Aside on privacy and ethics

This dataset contains the full names of city employees; these names correspond to real people. Such information is called PII, which stands for personally identifiable information. In many cases it is illegal to improperly disclose PII. In this case public employees are public figures and it’s not against the law to disclose their names.

However, there is a difference between what is legal and what is ethical. In this case, the difference between ‘public record’ and ‘searchable record’ may have very different impact on someone’s life. Public record exists to give people who want to know a small amount of relevant information the ability to do so. Collecting all public records for a single person in one place creates an intimate picture of that person’s life that may easily cross into invasion of privacy.

The takeaway: there are people behind each data point, and those people’s data should not be needlessly propagated! In this case, the last names of the employees have been blanked out, even though it’s not legally necessary to do so.

Basic description of employee pay

The table below contains a basic of description of employee pay. What does typical pay look like? Are there questions about data reliability?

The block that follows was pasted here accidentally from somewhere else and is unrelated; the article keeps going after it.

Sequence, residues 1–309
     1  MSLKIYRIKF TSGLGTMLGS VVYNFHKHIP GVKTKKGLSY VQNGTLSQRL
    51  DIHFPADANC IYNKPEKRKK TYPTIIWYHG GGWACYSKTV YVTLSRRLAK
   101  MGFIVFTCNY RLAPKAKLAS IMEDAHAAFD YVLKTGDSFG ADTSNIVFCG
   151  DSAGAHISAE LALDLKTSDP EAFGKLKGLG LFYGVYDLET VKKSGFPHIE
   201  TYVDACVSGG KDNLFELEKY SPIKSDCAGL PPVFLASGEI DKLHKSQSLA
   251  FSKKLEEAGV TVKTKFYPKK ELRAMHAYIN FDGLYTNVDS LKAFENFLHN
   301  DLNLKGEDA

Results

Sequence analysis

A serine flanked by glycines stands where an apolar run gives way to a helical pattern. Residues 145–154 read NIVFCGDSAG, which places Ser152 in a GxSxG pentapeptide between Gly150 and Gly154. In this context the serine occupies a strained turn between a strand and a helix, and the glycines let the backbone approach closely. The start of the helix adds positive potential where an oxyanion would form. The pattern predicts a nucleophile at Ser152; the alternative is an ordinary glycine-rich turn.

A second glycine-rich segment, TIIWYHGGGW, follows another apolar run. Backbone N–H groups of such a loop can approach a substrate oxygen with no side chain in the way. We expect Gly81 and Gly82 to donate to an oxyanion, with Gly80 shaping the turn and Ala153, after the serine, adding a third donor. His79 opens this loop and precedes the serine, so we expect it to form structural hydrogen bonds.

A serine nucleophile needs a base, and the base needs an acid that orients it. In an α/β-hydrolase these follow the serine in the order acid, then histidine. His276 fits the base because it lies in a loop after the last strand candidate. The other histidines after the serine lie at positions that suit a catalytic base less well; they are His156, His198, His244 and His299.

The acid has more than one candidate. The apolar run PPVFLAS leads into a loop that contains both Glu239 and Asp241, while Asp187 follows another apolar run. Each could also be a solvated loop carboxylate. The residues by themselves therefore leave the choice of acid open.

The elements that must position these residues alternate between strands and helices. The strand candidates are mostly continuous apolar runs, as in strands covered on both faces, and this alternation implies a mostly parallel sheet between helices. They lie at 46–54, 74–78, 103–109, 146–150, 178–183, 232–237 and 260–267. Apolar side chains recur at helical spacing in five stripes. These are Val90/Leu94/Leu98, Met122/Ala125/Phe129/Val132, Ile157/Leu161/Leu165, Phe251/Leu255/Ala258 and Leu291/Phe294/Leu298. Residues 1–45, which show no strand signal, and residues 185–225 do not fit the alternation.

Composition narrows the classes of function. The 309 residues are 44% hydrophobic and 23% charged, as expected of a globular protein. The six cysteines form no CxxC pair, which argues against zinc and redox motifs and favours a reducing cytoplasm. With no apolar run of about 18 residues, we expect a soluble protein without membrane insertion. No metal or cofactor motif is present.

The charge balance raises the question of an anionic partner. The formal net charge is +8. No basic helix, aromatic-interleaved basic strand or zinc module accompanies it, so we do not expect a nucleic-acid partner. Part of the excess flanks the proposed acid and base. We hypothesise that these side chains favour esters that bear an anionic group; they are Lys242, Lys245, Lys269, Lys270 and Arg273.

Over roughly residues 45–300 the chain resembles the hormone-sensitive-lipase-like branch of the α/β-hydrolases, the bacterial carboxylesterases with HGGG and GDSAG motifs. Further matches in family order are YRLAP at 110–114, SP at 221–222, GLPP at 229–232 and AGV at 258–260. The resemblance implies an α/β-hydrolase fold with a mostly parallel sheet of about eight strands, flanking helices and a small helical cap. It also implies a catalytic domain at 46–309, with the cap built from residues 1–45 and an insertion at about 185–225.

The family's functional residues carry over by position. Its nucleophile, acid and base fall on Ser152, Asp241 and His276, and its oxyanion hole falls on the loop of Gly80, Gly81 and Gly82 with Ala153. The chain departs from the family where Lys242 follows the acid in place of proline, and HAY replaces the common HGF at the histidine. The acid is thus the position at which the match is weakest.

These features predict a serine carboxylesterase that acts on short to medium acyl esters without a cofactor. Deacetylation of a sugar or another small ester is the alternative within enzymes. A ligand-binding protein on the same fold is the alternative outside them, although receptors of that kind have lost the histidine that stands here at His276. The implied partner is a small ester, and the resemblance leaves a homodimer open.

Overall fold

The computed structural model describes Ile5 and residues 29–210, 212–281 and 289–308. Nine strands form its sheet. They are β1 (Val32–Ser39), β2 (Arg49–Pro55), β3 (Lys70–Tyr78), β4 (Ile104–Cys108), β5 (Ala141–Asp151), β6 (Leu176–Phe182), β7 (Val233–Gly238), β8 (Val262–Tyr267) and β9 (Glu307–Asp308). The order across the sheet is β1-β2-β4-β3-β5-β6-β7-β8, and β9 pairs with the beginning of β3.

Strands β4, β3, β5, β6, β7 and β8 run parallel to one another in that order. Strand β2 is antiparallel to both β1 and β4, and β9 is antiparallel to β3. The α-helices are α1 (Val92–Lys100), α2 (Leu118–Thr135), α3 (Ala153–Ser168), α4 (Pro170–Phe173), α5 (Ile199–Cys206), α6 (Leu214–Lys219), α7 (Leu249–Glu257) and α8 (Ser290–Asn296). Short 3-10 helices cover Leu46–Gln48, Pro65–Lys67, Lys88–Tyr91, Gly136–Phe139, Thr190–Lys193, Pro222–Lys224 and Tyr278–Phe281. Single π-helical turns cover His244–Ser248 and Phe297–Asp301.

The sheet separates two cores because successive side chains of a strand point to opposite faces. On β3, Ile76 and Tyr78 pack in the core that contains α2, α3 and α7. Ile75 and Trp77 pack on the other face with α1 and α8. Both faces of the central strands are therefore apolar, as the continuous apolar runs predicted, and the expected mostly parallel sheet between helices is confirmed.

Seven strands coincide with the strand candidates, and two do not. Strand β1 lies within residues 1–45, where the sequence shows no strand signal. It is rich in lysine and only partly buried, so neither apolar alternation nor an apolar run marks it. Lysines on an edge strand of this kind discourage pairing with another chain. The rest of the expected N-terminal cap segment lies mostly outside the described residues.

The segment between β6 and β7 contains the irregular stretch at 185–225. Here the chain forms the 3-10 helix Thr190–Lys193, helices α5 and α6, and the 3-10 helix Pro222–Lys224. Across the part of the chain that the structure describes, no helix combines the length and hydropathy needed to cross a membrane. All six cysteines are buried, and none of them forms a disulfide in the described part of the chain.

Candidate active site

count mean std min 25% 50% 75% max
Base Pay 12493.0 48843.853918 29377.449188 0.0 28888.0 49254.0 68952.0 255000.0
Overtime Pay 12493.0 6573.031858 15308.455700 -623.0 0.0 393.0 5408.0 196978.0
Benefits 12493.0 8667.754983 6456.089561 -29.0 2785.0 8420.0 13485.0 36030.0
Total Pay 12493.0 64984.971024 41812.990357 3.0 36430.0 61452.0 91400.0 323377.0
Total Pay & Benefits 12493.0 73652.726007 45761.462637 3.0 44788.0 71264.0 103131.0 328571.0
Year 12493.0 2017.000000 0.000000 2017.0 2017.0 2017.0 2017.0 2017.0
Notes 0.0 NaN NaN NaN NaN NaN NaN NaN

A few of the questions raised by this table of statistics are:

  • What are the negative payments? Near zero salaries?

  • Where did the “Other Pay” column go?

  • Are the salaries in the ‘max’ column real?

  • This dataset only contains one year!

These descriptive statistics hide a lot of information about the data. However, that over-simplification makes the dataset more understandable. These questions are a starting point for focusing a detailed investigation into the dataset and how well it represents the reality being analyzed.

Empirical Distribution of Salaries

As employee total pay is the primary attribute of focus, it makes sense to understand how it varies across the entire population of employees. Plotting the empirical distribution of salaries raises two observations: